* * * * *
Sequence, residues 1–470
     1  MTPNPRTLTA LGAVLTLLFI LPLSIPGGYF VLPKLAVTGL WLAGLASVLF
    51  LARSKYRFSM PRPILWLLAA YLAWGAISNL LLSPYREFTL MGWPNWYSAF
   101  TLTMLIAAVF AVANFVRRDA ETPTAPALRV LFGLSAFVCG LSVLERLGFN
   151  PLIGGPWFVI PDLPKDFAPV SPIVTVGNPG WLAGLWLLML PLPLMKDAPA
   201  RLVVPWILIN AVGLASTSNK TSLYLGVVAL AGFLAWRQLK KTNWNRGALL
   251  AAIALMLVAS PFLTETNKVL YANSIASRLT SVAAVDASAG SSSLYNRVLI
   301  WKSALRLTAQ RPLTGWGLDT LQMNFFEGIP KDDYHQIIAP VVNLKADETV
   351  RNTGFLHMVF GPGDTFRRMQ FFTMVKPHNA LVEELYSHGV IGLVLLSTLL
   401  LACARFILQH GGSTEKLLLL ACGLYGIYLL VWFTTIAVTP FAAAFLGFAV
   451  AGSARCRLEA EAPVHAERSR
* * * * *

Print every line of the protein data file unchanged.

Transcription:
Sequence, residues 1–470
     1  MTPNPRTLTA LGAVLTLLFI LPLSIPGGYF VLPKLAVTGL WLAGLASVLF
    51  LARSKYRFSM PRPILWLLAA YLAWGAISNL LLSPYREFTL MGWPNWYSAF
   101  TLTMLIAAVF AVANFVRRDA ETPTAPALRV LFGLSAFVCG LSVLERLGFN
   151  PLIGGPWFVI PDLPKDFAPV SPIVTVGNPG WLAGLWLLML PLPLMKDAPA
   201  RLVVPWILIN AVGLASTSNK TSLYLGVVAL AGFLAWRQLK KTNWNRGALL
   251  AAIALMLVAS PFLTETNKVL YANSIASRLT SVAAVDASAG SSSLYNRVLI
   301  WKSALRLTAQ RPLTGWGLDT LQMNFFEGIP KDDYHQIIAP VVNLKADETV
   351  RNTGFLHMVF GPGDTFRRMQ FFTMVKPHNA LVEELYSHGV IGLVLLSTLL
   401  LACARFILQH GGSTEKLLLL ACGLYGIYLL VWFTTIAVTP FAAAFLGFAV
   451  AGSARCRLEA EAPVHAERSR